Sunset blvd.

January 10, 2007

Sunset boulevard

This movie was a nice find. It is funny and somewhat creepy, and full of small, pretty details.

For example, the opening scene is quite ingenuous, you see a dead man floating on a pool; it looks as if you were at the bottom of the pool, looking up at the man and at the reporters and police.  Filmed in 1950, there were no subaquatic cameras that would have allowed that shot. Instead, the director placed a mirror at the bottom of the pool, and filmed the image reflected there; they had to experiment some with the temperature of the water until the mirror image looked right. 

There are cameos of several silent movie stars (playing themselves) and Cecil B. DeMille plays himself for a few minutes, busy filming Samson and Delilah, with his actual crew.  

The DVD has several small documentaries worth watching. Particularly interesting in my opinion was the piece on composer Franz Waxman, who was in charge of the score. Other documentaries point out the parallels between the cast of the movie and the characters they play, which helps explain the strong reaction the film produced in Hollywood.

Very nice, well worth watching.

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Children of men

January 10, 2007

Children of men

Children of men is without a doubt the best movie I’ve seen in a while. It is also the most powerful. I’ve read comparisons to Come and see, which I haven’t seen yet, so I now have it in my Netflix queue. It may not be perfect, but I am not sure there are many examples of perfection anywhere and, really, I have nothing to criticize here. I waited for a while for this movie since I first saw the trailer, and I must say it was a most worthwhile wait.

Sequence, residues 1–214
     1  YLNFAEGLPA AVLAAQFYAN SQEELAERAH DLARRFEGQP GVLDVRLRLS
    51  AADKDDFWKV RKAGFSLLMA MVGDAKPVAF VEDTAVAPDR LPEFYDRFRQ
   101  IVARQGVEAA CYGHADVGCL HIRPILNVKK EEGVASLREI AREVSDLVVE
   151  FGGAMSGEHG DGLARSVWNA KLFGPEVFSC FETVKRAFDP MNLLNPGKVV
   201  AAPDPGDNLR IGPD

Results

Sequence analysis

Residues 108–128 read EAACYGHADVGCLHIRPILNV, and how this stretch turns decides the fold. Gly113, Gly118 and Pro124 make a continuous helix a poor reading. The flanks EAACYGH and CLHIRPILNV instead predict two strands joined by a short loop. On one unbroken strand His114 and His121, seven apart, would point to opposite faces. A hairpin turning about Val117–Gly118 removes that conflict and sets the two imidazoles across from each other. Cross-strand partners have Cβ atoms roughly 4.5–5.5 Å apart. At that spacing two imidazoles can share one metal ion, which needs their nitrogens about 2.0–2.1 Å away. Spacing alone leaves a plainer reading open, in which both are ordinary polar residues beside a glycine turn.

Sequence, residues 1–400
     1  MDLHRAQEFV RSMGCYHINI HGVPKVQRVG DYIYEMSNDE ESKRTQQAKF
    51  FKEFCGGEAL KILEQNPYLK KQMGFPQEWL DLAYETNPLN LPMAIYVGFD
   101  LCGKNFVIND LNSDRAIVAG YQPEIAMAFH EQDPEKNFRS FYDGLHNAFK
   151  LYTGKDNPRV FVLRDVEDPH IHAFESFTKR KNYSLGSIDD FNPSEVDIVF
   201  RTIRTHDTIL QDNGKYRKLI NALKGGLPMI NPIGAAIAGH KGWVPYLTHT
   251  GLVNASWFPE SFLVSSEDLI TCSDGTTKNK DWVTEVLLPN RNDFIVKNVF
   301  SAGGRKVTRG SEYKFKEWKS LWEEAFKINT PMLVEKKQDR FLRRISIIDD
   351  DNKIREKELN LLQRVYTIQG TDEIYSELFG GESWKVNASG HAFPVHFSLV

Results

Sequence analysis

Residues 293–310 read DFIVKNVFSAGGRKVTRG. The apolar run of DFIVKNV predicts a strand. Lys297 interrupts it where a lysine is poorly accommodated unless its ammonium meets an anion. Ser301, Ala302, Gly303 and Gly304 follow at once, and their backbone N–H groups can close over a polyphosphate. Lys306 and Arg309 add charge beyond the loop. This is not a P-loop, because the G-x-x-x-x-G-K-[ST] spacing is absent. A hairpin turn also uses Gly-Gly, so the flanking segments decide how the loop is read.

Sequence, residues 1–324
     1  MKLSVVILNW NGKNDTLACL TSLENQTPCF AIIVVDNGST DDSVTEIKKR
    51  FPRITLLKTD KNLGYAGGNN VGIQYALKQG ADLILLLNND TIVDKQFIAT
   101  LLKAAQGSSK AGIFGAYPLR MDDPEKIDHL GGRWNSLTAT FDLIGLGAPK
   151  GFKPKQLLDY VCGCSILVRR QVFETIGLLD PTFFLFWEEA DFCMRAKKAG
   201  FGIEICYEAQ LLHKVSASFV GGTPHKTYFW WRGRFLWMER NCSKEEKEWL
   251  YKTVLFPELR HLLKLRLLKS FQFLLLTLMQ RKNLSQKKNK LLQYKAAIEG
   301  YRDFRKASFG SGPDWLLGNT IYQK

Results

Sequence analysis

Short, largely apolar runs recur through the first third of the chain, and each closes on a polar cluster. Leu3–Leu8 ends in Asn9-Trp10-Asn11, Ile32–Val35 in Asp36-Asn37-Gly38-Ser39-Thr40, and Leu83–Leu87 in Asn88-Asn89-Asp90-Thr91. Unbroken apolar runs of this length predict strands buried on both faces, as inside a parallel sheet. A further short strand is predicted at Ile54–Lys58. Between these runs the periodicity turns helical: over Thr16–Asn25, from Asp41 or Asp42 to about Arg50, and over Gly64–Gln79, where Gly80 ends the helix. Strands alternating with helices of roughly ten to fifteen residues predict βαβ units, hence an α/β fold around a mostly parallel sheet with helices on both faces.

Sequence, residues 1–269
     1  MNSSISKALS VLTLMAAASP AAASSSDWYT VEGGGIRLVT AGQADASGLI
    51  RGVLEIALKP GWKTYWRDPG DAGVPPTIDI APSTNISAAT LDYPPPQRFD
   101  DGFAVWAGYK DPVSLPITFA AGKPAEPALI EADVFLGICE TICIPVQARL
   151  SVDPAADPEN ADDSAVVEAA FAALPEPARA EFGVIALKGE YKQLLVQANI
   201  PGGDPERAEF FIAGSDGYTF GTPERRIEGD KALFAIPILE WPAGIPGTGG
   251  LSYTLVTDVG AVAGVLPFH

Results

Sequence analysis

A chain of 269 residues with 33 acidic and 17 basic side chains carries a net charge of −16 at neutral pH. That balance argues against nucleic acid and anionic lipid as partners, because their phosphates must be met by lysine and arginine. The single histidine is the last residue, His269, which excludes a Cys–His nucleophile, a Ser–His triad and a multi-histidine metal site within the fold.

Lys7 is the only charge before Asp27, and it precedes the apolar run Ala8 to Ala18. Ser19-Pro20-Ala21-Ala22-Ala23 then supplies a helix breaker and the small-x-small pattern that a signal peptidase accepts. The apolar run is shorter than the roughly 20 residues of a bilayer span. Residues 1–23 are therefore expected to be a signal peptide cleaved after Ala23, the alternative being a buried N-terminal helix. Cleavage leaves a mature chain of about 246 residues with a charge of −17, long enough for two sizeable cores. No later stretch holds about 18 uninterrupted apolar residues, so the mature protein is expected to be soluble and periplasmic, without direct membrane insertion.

On the surface a science-fiction story about a near future where women cannot bear children and so humanity is slowly waiting to die out, Children of men is really about our very troubled present of intolerance, greed and war. Director Alfonso Cuarón has been asked in interviews why he didn’t explain in greater detail how the infertility came to be. It is not true, he says, and not the point, at the end it doesn’t matter, that is not what the movie is about. In another interview (see here), Cuarón says that “In the end, Children of men isn’t so much about humanity being destructive—it’s more about ideologies coming between people’s judgment and their actions.”

Cuarón, who also co-wrote the script, displays incredible technical expertise; there are several long and difficult scenes filmed in a single shot, there is also density of information, which is the best term I’ve come up with to describe what I see as scenes where different types of information are conveyed simultaneously by different means (newspaper clips, television images, people talking), a great alternative to the dreaded exposition. Another excellent example of density in this sense is found in the TV series Lost.

Children of men also looks beautiful, although perhaps this is a strange word to use in the context of the very ugly and mean future it describes. With great work by the main leads, a solid script and incredible cinematography, this is one of the most, if not the most, haunting and interesting films of 2006. (Though, of course, I imagine the much inferior Babel will fair better at the Oscars.)